Purely from a standpoint of terminology, generally, “safety” in Rust means safe from undefined behavior.
Basically, undefined behavior is a contract on the programmer; a compiler promises to produce a reasonably efficient program that performs the instructions written in the code on the condition that the programmer doesn’t do X. The compiler has no obligation to verify that X never occurs (because it may be impossible), and it is given free reign to do anything if it does occur.
This makes bugs caused by undefined behavior often extremely difficult to debug.
Now of course, ultimately this definition doesn’t say much, since the definition of “undefined behavior” depends on the language, and behavior which is “defined but clearly nonsense” (see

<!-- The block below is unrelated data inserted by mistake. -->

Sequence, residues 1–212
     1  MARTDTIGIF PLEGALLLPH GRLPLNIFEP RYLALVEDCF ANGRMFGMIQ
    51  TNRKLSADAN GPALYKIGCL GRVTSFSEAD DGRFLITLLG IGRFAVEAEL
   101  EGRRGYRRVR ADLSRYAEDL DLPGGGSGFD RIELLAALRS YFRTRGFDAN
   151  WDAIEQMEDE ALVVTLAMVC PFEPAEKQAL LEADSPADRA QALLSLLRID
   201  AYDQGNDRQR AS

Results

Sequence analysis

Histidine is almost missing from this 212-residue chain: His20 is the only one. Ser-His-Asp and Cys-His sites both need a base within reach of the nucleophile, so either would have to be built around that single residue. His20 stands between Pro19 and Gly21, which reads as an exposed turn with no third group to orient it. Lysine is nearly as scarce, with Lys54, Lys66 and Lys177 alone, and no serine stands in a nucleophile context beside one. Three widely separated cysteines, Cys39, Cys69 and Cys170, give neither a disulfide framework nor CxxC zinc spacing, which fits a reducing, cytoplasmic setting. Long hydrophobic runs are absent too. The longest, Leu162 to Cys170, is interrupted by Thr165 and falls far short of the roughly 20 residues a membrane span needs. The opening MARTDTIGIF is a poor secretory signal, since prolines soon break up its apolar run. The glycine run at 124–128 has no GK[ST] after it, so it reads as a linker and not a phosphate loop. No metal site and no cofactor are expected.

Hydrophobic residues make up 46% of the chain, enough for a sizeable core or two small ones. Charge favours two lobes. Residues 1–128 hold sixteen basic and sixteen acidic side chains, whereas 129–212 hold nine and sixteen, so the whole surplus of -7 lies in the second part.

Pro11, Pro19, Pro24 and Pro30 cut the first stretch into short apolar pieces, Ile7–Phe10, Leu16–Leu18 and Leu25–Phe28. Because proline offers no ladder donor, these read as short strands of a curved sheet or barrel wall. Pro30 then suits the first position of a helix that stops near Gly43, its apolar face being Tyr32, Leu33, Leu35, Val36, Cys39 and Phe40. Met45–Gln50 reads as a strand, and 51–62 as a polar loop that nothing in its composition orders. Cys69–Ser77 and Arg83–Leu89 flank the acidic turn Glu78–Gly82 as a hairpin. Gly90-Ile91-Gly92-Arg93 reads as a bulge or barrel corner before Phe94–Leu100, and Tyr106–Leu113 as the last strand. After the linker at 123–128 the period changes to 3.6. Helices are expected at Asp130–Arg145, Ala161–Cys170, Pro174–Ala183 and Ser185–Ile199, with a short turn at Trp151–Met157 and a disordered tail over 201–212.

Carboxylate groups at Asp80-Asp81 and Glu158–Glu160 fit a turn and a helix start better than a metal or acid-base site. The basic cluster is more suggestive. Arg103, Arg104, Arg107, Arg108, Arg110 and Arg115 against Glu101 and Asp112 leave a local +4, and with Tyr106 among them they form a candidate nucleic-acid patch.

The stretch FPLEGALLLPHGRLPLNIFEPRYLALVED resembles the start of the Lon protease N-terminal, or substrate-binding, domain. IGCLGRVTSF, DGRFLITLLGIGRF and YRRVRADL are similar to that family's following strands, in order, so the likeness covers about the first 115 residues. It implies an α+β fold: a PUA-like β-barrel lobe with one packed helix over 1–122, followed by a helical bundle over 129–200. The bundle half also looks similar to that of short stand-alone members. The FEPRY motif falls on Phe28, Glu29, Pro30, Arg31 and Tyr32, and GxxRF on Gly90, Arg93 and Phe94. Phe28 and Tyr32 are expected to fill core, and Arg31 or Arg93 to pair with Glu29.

So moving away from terminology: Personally, when I call Rust a safe language, I mean that Rust is safer from mistakes. Rust forces me to think upfront about many edge cases that I would otherwise forget about, because it has many good abstractions that encourage correct thinking.
In the end, I find that code I write in rust has fewer bugs to debug than similar code in C/C++, and is more likely to work properly on the first run.
No doubt this is very different from your definition of “safe!”